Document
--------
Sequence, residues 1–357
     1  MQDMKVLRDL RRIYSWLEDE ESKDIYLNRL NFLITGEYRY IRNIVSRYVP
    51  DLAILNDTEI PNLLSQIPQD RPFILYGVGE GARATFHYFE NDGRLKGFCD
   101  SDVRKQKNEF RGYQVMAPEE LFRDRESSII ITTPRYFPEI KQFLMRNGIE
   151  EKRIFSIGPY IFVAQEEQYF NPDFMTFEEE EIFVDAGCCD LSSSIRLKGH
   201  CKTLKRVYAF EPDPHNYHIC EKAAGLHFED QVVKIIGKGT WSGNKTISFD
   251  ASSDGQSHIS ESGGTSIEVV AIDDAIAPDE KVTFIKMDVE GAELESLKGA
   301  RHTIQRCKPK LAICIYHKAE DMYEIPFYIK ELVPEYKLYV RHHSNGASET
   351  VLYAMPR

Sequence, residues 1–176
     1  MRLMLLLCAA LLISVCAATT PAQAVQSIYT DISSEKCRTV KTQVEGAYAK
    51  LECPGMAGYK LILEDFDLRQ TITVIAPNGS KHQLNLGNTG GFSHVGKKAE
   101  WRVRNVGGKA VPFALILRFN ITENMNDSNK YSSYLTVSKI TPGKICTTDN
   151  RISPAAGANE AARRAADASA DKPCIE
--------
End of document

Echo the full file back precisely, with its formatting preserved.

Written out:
Sequence, residues 1–357
     1  MQDMKVLRDL RRIYSWLEDE ESKDIYLNRL NFLITGEYRY IRNIVSRYVP
    51  DLAILNDTEI PNLLSQIPQD RPFILYGVGE GARATFHYFE NDGRLKGFCD
   101  SDVRKQKNEF RGYQVMAPEE LFRDRESSII ITTPRYFPEI KQFLMRNGIE
   151  EKRIFSIGPY IFVAQEEQYF NPDFMTFEEE EIFVDAGCCD LSSSIRLKGH
   201  CKTLKRVYAF EPDPHNYHIC EKAAGLHFED QVVKIIGKGT WSGNKTISFD
   251  ASSDGQSHIS ESGGTSIEVV AIDDAIAPDE KVTFIKMDVE GAELESLKGA
   301  RHTIQRCKPK LAICIYHKAE DMYEIPFYIK ELVPEYKLYV RHHSNGASET
   351  VLYAMPR

Sequence, residues 1–176
     1  MRLMLLLCAA LLISVCAATT PAQAVQSIYT DISSEKCRTV KTQVEGAYAK
    51  LECPGMAGYK LILEDFDLRQ TITVIAPNGS KHQLNLGNTG GFSHVGKKAE
   101  WRVRNVGGKA VPFALILRFN ITENMNDSNK YSSYLTVSKI TPGKICTTDN
   151  RISPAAGANE AARRAADASA DKPCIE